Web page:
Another brother from a neighboring lodge had been asked to stand in as senior deacon for this third degree. Like Timmer, he had lost everything except for one set of clothing and his vehicle. Still, he attended the degree as scheduled and performed the extensive duties of the senior deacon flawlessly and proudly. To thank him, a past master took him to a tuxedo store the following day and bought him a full tuxedo including shirt, tie, cufflinks, and shoes. Says Guy M. Chalmers, master of the lodge, “We had a great time together at the lodge at a time when the Masonic virtues were needed the most and when everyone in the community needed a diversion.”

Home-Grown Relief
Past Master Donald M. Walden, a resident of the Masonic Home at Union City, reports that his grandchildren have set up a website to sell stickers, clothing, and hats whose proceeds benefit the Redwood Credit Union Fire relief. To date, they have raised more than $14,500. The logo created for this special effort reads, “From Ash Comes Love.” Visit the store.

Relief for Four-Legged Friends
In San Rafael, Bro. Paul Dana – senior warden of Phoenix Lodge – opened his business to help dog owners affected by the fires. Dana owns Park-A-Pup Kennels, which provides daytime and overnight care for local dogs. As the fires spread, he was soon inundated with calls from frantic dog owners unsure of what to do with their pets as they sought temporary housing in the wake of the fires, much of which did not allow pets.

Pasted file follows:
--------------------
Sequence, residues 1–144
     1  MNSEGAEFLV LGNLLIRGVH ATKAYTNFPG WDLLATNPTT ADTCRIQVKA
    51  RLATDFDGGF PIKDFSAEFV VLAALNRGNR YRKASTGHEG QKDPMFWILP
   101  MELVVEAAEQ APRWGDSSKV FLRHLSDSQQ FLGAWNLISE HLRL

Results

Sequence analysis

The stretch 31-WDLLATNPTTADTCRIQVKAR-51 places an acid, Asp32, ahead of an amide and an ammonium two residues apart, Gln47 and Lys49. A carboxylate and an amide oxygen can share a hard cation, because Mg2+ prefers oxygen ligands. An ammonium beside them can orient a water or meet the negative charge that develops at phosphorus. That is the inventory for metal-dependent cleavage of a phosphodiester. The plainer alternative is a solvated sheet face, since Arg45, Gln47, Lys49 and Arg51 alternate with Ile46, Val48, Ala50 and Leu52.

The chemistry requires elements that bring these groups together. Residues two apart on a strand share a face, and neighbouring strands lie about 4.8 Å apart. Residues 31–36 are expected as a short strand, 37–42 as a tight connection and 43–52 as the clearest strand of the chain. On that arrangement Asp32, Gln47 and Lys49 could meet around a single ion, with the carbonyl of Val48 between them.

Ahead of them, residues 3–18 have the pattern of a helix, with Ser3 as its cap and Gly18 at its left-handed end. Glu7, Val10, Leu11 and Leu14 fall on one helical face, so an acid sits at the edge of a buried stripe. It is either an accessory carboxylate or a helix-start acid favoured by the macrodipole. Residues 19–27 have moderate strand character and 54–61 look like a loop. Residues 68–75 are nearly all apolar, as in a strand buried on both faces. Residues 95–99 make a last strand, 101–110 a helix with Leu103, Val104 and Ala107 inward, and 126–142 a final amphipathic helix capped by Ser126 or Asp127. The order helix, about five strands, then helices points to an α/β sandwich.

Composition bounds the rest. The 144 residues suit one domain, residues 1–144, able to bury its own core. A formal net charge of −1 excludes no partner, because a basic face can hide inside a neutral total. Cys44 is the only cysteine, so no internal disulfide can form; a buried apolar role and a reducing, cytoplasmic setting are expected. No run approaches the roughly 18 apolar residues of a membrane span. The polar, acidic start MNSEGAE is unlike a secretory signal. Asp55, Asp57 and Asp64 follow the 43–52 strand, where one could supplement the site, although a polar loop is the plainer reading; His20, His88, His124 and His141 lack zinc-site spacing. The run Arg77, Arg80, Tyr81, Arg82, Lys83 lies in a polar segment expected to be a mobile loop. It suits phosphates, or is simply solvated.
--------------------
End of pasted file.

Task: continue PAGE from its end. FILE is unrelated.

“Originally we weren’t an active shelter, but we turned into one very quickly,” Dana explained. His staff offered discounts to new clients who needed boarding and free services to families who were fostering dogs displaced by fires in the surrounding areas.


A major challenge was that very few new clients had access to their pets’ vaccination records, due to destroyed or evacuated homes and veterinary hospitals. To avoid the spread of disease, Dana and his team built temporary isolation kennels to house new dogs apart from those whose vaccinations had been confirmed. He then worked with vet hospitals in the local areas to bring veterinarians to the kennel to administer vaccines. The kennel was soon housing 30-40 dogs each day – many of which may remain there for an indeterminable time as families whose homes were destroyed are still working to determine their next steps.